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GEORGE AUGUSTUS SELWYN (1809-1878)

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Originally appearing in Volume V24, Page 615 of the 1911 Encyclopedia Britannica.
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GEORGE AUGUSTUS SELWYN (1809-1878), English bishop, second son of William Selwyn (1795-1855), a distinguished legal writer, was born at Hampstead, London, on the 5th of April 1809. He was educated at Eton and at St John's College, Cambridge, where in 1829 he rowed in the first university boat-race. He took his degree (second in the classical tripos) in 1831. He returned to Eton as private tutor, was ordained deacon in 1833, and devoted himself with characteristic energy to work in the parish of Windsor. In 1841 it was proposed that he should go out as first bishop to New Zealand, then just beginning to be colonized. Despite the advice of his friends he accepted the offer. He studied navigation and the Maori language on the voyage, and gave himself up to a life of continual strain and hardship. He spent days and sometimes nights in the saddle, swam broad rivers and provided himself with a sailing vessel. Unfortunately, just when he had gained the confidence of the natives, his ascendancy was rudely shaken by the first Maori war. Selwyn endeavoured to mediate, but incurred the hostility of both parties. He went to the battlefield to minister to the sick and wounded in both camps; but the Maoris were persuaded that he had gone out to fight against them, and years afterwards one of them pointed out a scar on his leg to an Anglican bishop which he declared had been inflicted by Selwyn's own hands. It was long before he regained the confidence he had forfeited by his strict adherence to duty. In 1854 he returned to England for a short furlough; but he spent much of it in pleading the needs of his diocese. He returned to New Zealand with a band of able associates, including J. C. Patteson, and began to divide his large diocese into sees of more manageable proportions. The colonists came to respect his uprightness, and the Maoris learned to regard him as their father. In 1868, while he was in England to attend the first pan-Anglican synod, the bishopric of Lichfield became vacant, and after some hesitation he accepted it. In his new sphere of work he displayed the same unselfish activity as before, and in the " Black Country " portion of his diocese he won the hearts of the working classes. He called his clergy and laity together for consultation in the diocesan conference, an innovation the value of which he had proved by his colonial experience. On his death, on the 11th of April 1878, his great work for the church was celebrated by a remarkable memorial, Selwyn College, Cambridge, being erected by public subscription and incorporated in 1882. See Lives by H. W. Tucker (2 vols., 1879) and G. H. Curteis (1889). His son, JOHN RICHARDSON SELWYN (1844-1898), bishop of Melanesia, was born in New Zealand on the loth of May 1844. He was educated at Eton and at Trinity College, Cambridge, and was ordained deacon in 1869. At first he laboured with energy and tact as vicar of Wolverhampton in his father's diocese of Lichfield; but the martyrdom of John Coleridge Patteson, bishop of Melanesia, led him to volunteer for service in the Australasian Archipelago. After three years' service, during which the bishopric remained vacant, he was nominated as Patteson's successor (1877). For twelve years he threw himself with intense energy into his arduous work, but his health broke down and he returned to England in 189o. There he found an appropriate sphere in the mastership of Selwyn College, where he remained until his death on the 12th of February 1898.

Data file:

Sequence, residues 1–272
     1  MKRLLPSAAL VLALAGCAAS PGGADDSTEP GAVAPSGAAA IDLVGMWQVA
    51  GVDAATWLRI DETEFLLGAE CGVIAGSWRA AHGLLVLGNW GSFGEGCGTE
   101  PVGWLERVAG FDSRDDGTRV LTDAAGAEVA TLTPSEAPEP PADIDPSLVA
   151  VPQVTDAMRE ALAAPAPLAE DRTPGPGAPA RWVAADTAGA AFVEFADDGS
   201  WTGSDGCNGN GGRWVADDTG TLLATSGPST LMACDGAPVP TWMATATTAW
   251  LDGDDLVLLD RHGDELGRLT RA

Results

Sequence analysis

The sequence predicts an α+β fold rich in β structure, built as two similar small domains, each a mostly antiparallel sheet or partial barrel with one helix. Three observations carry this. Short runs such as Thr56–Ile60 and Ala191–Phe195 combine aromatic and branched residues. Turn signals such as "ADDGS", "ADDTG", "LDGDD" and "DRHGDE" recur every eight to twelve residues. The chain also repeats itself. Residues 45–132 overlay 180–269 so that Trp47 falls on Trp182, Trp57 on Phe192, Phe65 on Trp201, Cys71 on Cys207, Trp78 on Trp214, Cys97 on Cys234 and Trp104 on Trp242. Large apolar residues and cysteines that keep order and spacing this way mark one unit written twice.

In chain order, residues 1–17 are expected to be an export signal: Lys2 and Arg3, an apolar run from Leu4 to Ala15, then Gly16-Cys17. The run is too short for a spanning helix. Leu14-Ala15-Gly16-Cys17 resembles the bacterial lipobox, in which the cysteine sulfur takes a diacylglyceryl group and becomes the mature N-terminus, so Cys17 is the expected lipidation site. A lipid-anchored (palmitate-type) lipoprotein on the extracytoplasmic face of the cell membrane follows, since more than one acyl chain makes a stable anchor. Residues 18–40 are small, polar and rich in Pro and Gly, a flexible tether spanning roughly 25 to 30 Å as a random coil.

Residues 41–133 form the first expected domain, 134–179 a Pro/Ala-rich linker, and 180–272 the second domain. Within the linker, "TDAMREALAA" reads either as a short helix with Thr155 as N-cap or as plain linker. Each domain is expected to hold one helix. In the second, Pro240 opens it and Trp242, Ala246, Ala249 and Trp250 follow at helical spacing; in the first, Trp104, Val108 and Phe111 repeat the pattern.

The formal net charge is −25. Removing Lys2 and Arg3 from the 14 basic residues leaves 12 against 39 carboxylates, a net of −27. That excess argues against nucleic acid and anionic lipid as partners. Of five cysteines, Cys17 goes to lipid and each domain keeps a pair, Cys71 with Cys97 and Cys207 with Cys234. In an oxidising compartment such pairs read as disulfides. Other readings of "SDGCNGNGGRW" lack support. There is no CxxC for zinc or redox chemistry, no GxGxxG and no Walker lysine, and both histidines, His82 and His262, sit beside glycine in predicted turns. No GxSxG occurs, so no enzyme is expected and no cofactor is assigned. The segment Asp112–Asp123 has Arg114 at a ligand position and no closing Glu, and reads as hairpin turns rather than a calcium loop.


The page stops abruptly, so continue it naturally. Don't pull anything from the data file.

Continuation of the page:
End of Article: GEORGE AUGUSTUS SELWYN (1809-1878)
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